‘North Woods’ takes readers to the wilderness
Penguin Random House

‘North Woods’ takes readers to the wilderness

For author Daniel Mason, there is no more perfect fictional character than a mountain lion.

Full of the same intrinsic desires of Captain Ahab or Heathcliff — hunger, lust, curiosity, defensiveness, a drive to kill — the inherited animal instincts of the puma concolor are as exciting to Mason as the interiority of any man. Untamed nature as a psychologically explored character is the central concept behind his 2023 novel, “North Woods,” from Penguin Random House.

Mason was the guest author at The White Hart Inn’s Speaker Series in collaboration with Oblong Books on Thursday, Feb. 1, as he discussed the blend of nature writing and historical fiction that makes up “North Woods” with New York Times art journalist Laura van Straaten to a sold-out crowd. Named one of the best books of the year by the Times, as well as The Washington Post, Time Magazine and The Boston Globe among many other publications, Mason, the 2020 recipient of the Joyce Carol Oates Literary Prize, has dazzled readers with his latest: a chronological account of a plot of land located in western Massachusetts.

Beginning with a pair of star-crossed Puritans gleefully abandoning their settlement in what Mason described as “an anti-Scarlet Letter” reversal of Nathaniel Hawthorne’s Massachusetts Bay Colony romance, the story continues not as a generational saga but as a detailed time-lapse of the land the lovers build their home upon. Spanning multiple centuries, the story of “North Woods” was inspired by “the incredible diversity of animal life and the sheer number of species” in New England and is told through a combination of prose, letters, songs, journal entries and fragments of historical illustrations.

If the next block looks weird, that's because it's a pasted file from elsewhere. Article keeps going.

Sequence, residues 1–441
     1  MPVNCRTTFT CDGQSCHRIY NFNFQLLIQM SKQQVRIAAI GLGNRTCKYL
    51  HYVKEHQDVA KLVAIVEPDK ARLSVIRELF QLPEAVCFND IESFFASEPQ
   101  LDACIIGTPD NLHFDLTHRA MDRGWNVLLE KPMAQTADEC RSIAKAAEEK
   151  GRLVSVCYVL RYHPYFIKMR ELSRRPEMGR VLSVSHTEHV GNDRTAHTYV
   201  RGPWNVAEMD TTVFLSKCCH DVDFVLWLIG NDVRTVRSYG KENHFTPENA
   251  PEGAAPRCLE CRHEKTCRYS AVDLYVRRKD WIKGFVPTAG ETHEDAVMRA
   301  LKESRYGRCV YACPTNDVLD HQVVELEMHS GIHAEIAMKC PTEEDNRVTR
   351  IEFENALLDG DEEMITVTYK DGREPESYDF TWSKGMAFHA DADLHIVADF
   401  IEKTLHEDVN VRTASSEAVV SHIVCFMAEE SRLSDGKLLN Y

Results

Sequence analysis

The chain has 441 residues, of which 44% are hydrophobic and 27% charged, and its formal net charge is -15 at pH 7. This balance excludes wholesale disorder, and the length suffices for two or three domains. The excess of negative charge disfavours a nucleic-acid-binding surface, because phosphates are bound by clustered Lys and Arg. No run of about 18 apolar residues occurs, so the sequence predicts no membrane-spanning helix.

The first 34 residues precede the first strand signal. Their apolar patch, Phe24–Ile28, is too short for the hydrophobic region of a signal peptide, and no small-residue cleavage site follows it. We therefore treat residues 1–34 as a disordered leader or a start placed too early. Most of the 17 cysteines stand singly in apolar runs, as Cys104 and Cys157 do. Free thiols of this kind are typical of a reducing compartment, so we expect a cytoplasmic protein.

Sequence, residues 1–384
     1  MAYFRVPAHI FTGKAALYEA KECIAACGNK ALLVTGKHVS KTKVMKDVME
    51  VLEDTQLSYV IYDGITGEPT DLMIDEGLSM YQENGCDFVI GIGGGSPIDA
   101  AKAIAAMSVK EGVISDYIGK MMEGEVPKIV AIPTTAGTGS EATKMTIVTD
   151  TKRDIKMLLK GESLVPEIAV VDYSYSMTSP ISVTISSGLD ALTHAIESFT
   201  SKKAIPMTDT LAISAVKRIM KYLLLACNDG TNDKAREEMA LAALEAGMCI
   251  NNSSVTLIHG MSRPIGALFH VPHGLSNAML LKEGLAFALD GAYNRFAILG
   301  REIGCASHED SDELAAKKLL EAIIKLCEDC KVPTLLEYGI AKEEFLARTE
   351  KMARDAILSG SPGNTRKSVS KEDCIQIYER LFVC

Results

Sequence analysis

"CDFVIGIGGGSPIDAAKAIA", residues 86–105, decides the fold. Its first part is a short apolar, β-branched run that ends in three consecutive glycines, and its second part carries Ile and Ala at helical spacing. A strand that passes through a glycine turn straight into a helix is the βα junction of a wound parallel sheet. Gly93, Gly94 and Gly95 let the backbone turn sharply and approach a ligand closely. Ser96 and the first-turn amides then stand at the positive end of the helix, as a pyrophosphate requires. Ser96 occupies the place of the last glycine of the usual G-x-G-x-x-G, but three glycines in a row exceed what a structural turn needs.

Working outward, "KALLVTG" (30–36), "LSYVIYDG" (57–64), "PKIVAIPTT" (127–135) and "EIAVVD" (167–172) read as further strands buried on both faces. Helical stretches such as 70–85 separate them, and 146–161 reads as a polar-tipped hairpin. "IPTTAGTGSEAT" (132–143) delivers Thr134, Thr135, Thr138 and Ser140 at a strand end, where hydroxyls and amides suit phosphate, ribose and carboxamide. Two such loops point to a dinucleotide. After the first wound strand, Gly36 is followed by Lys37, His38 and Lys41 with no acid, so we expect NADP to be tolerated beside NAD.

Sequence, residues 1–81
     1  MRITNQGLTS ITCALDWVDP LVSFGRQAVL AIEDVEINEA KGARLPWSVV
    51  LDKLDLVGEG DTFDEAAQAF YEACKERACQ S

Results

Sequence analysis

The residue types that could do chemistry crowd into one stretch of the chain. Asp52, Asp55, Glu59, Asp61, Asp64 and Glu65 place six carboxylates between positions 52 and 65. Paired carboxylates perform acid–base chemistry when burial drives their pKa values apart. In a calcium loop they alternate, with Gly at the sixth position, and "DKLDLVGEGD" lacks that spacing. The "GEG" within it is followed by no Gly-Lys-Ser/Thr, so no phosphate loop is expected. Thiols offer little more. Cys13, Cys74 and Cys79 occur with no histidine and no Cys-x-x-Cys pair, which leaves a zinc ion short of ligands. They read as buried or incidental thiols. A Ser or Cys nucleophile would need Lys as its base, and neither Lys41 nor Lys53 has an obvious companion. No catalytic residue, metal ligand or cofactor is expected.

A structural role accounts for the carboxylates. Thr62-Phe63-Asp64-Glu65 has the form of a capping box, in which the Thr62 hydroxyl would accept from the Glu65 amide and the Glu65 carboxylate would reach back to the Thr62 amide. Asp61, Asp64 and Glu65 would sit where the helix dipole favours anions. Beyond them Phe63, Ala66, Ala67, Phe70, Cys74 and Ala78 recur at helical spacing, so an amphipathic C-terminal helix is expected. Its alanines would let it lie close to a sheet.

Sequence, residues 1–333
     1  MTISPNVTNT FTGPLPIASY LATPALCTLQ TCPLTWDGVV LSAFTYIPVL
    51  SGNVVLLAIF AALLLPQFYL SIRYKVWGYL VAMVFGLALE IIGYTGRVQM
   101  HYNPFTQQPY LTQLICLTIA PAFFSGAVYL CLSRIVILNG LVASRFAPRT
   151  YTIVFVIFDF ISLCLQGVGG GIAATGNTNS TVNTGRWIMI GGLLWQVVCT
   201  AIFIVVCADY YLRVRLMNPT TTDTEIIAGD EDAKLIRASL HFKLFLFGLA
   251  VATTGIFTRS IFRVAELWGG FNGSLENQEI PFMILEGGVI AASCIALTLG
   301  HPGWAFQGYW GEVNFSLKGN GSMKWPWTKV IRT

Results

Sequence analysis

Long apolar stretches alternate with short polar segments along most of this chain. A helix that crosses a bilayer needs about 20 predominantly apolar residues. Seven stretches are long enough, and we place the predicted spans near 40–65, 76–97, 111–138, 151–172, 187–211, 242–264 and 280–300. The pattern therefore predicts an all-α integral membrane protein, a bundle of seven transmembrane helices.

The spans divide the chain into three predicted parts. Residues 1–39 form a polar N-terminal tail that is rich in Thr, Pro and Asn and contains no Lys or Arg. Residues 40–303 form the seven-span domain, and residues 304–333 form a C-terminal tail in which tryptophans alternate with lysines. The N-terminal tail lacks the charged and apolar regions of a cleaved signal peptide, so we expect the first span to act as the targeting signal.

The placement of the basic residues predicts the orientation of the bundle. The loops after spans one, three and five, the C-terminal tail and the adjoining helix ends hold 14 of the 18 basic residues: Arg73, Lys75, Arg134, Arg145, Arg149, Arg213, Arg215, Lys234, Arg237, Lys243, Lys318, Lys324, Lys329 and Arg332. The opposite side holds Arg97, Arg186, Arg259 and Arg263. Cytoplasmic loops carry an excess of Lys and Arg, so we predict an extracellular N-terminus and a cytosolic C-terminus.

It should come as no surprise that the intimate diaries of writers like American naturalist and transcendental philosopher Henry David Thoreau served as a muse and a way for Mason to mentally walk through the woods of yesterday. “Something that I love reading is the un-bowdlerized writer’s notebooks,” Mason said. “Because usually what happens is a famous writer dies and somebody, usually a spouse or a child, will then publish an edited version of the notebooks, which is all the good stuff — all the great diary mentions of the famous people the writer encounters, which is interesting, but what’s much more interesting is seeing all the messy stuff. The day-to-day entries include a lot of the natural world and interactions with it: agriculture, farms and horses. Thoreau has these incredible images of traveling all over Massachusetts, walking through the town of North Adams, coming through the woods, walking out in front of a factory, and seeing the women working in the factory looking out the window at him. Then he goes through Williams College, up Mount Greylock, and walks all over this similar territory to [‘North Woods’].”

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